International Comparative Legal Guidelines: Renewable Energy 2021
Bracewell (UK) LLP
have not seen examples of foreign investors successfully utilising this procedure to reverse a government decision, following the commencement of legal action against the Secretary of State for BEIS by Banks Renewables Limited, the UK government announced a policy U-turn that would lift its ban of onshore wind projects from government-backed contracts support, which resulted in Banks Renewables withdrawing its legal challenge. 92 Updates and Recent Developments 9.1 Please provide a summary of any recent cases, new legislation and regulations, policy announcements, trends and developments in renewables in your jurisdiction. In an attempt to promote the development of more large-scale electricity storage projects, the government published draft legislation in July 2020 that removes electricity storage from the NSIP planning permission regime. This means that (with the exception of pumped hydro) electricity storage projects of any size would be progressed under the TCPA consent process rather than the more onerous and time intensive Planning Act consent process that previously applied to electricity storage projects in excess of 50 MW. In 2017, the Planning Inspectorate recommended the rejec- tion of an application for the expansion of a gas-fired power plant in Selby on climate grounds (the first time such a recom- mendation had been made). However, the project has subse- quently been approved by the government (and in May 2020, the High Court dismissed a judicial review challenge against the government’s decision). Renewable energy made up 47% of the UK’s electricity gener- ation in the first quarter of 2020, breaking the record of 39% set in 2019. We expect this record to be broken repeatedly in the short term as the UK government continues to promote invest- ment in renewable energy technology. We also expect that elec- tric vehicles, residential solar and battery storage will continue to gain prominence in the UK as a medium for the ongoing transformation of the energy sector.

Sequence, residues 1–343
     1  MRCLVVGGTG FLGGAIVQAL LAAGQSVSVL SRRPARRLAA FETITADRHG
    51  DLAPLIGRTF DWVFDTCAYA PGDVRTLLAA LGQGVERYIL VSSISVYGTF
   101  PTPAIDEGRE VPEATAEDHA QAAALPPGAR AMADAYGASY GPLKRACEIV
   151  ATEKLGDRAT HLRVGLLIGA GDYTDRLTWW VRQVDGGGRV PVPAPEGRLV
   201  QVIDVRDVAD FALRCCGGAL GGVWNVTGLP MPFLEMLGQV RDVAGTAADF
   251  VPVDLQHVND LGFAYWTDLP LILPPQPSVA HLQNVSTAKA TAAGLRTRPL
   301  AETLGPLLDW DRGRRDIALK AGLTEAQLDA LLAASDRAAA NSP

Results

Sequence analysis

8.4 Is your jurisdiction a party to and has it ratified the New York Convention on the Recognition and Enforcement of Foreign Arbitral Awards and/or the Convention on the Settlement of Investment Disputes between States and Nationals of Other States and/or any significant regional treaty for the recognition and enforcement of judgments and/or arbitral awards? The UK has signed and ratified both the New York Convention and the ICSID Convention. Its ratification of the New York Convention is subject to the reciprocity reservation (meaning that it will only recognise and enforce awards made in the territory of another contracting state). The UK left the EU on 31 January 2020 but, during the tran- sition period, the UK continues to apply the Recast Brussels Regulation and the 2007 Lugano Convention, which deal with issues of jurisdiction and the recognition and enforcement of judgments between EU Member States and the European Free Trade Association. Following expiry of the transition period (on 31 December 2020), the Recast Brussels Regulation and the 2007 Lugano Convention will cease to apply to the UK, unless the UK and the EU jointly agree to continue the current regime. 8.5 Are there any specific difficulties (whether as a matter of law or practice) in litigating, or seeking to enforce judgments or awards, against government authorities or the state? Neither the UK government nor UK public bodies are immune to litigation in the UK. Both frequently appear as defendants in UK litigation and are often held to account by the national courts. 8.6 Are there examples where foreign investors in the renewable energy sector have successfully obtained domestic judgments or arbitral awards seated in your jurisdiction against government authorities or the state? Various judicial review proceedings have been brought against the government to challenge decisions which it has made in rela- tion to renewable energy policy and specific projects. Whilst we
Renewable Energy 2021
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